Talking to Teens About Birth Control: The Pill, IUDs, and Condoms
The recent overturn of Roe V Wade and continued restrictions on abortion access across the US have sparked a surge in teens seeking out birth control options to prevent pregnancy. Especially in states with laws that restrict access to abortion and emergency contraception, many teens and parents alike want to know how best to prevent pregnancy and the spread of sexually transmitted infections.
Related: Talking to Your Teen About Sex
Should Teens Take Birth Control?
As a parent, you might feel uncomfortable with the idea of your teenager using birth control. If this topic puts you into a state of anxiety and you’d rather just avoid it, then you’re not alone.
Despite your discomfort, your teen may still be at a risk for an unwanted pregnancy or STIs. The CDC reports that about half of US teens will have sex before they turn 18 years old. Birth control is a relatively low-cost pregnancy prevention tool that can help your teen reduce the risk of pregnancy and STIs.
Beyond protecting against unwanted pregnancy or STIs, there are many other reasons that a teen might decide to take birth control, including managing heavy periods, treating hormonal acne, helping with painful cramps, or treating conditions like ovarian cysts or endometriosis.
Best Types of Birth Control for Teens
There are many different methods of birth control that can be used by teenagers. Of the many forms of birth control, they typically fall into one of two categories - hormonal methods and barrier methods.
Hormonal birth control works by preventing ovulation and therefore preventing pregnancy. Hormonal contraceptive methods do not protect against STIs.
- Intrauterine devices (IUD): A hormonal IUD is up to 99.8% effective at preventing pregnancy and can last for 3 to 7 years. A hormonal IUD is a T-shaped device that’s inserted into the uterus by a medical provider. While hormonal IUDs are typically safe, the insertion process can be quite painful. An IUD will not protect against STDs.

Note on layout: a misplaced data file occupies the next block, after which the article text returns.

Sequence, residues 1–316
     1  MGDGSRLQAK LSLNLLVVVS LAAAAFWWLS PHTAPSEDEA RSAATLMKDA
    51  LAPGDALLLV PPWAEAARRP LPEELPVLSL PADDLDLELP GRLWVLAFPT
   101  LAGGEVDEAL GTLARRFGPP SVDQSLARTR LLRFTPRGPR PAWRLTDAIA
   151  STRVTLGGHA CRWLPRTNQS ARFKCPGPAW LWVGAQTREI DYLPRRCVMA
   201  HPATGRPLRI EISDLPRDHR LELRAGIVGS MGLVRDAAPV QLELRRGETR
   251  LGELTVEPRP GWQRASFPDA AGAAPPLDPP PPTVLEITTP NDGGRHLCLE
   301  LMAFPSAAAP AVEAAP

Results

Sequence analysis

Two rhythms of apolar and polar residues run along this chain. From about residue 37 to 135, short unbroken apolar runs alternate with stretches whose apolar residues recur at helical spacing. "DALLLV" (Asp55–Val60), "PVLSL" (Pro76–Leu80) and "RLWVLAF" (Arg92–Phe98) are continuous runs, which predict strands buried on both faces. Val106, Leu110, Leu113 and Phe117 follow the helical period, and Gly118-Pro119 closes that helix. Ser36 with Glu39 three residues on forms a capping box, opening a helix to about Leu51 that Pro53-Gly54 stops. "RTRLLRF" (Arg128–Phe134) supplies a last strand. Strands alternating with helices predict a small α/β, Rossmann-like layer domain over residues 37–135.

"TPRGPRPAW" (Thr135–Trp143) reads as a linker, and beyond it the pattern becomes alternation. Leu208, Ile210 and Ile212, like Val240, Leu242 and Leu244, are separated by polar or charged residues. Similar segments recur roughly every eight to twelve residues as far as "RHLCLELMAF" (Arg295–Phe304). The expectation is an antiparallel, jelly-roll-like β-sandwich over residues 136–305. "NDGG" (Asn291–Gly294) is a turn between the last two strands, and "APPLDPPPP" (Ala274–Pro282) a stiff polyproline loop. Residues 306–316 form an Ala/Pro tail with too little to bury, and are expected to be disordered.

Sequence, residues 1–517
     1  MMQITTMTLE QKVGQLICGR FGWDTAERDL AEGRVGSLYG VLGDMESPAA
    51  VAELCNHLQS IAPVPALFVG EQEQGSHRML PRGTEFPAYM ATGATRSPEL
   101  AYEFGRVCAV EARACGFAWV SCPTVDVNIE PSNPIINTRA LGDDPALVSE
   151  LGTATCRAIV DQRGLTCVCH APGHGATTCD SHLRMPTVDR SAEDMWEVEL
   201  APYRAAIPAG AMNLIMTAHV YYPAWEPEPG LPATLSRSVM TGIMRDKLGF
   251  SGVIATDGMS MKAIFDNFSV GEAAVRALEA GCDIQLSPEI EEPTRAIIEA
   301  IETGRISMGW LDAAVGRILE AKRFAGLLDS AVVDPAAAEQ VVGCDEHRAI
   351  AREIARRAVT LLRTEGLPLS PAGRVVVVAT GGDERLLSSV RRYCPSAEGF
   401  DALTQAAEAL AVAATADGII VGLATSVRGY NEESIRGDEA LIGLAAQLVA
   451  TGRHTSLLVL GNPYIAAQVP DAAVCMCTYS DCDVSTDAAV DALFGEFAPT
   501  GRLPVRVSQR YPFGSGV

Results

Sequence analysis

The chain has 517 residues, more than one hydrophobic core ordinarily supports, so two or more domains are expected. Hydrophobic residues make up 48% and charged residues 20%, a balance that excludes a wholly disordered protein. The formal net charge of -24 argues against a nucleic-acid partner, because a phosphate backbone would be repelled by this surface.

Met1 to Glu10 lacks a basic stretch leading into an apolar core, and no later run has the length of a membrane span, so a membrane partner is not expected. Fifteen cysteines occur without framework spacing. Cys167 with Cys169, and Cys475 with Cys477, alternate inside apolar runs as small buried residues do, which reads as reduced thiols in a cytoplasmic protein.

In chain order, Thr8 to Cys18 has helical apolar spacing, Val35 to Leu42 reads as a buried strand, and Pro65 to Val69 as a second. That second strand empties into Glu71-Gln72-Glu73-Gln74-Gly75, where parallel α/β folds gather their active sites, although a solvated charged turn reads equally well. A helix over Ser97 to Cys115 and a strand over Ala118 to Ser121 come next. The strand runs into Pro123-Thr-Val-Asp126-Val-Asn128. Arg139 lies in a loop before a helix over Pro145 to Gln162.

- Subdermal implant: A subdermal implant, like Nexplanon, is a small device that’s inserted into the upper arm. The impact releases progestin which helps prevent pregnancy and is up to 99.5% effective. A subdermal implant does not protect against STIs.
- Birth control pills: Oral contraceptives require the user to take a pill at the same time every day, which might be challenging for some. Some common side effects include weight gain and headaches, though most also experience lighter periods and improved acne. Rarely, oral contraceptives may lead to blood clots. The pill is 92% effective and does not prevent STIs.
- Vaginal ring: A vaginal ring, like Nuvaring, involves inserting a flexible ring into the vagina once per month. Users see similar side effects and benefits as with birth control pills. Vaginal rings are 91% effective and do not protect against STIs.
- Injection: A birth control injection, like Depo-Provera, requires a doctor’s visit but is 94% effective at preventing pregnancy. Users must get an injection every 3 months. Birth control injections do not prevent STIs.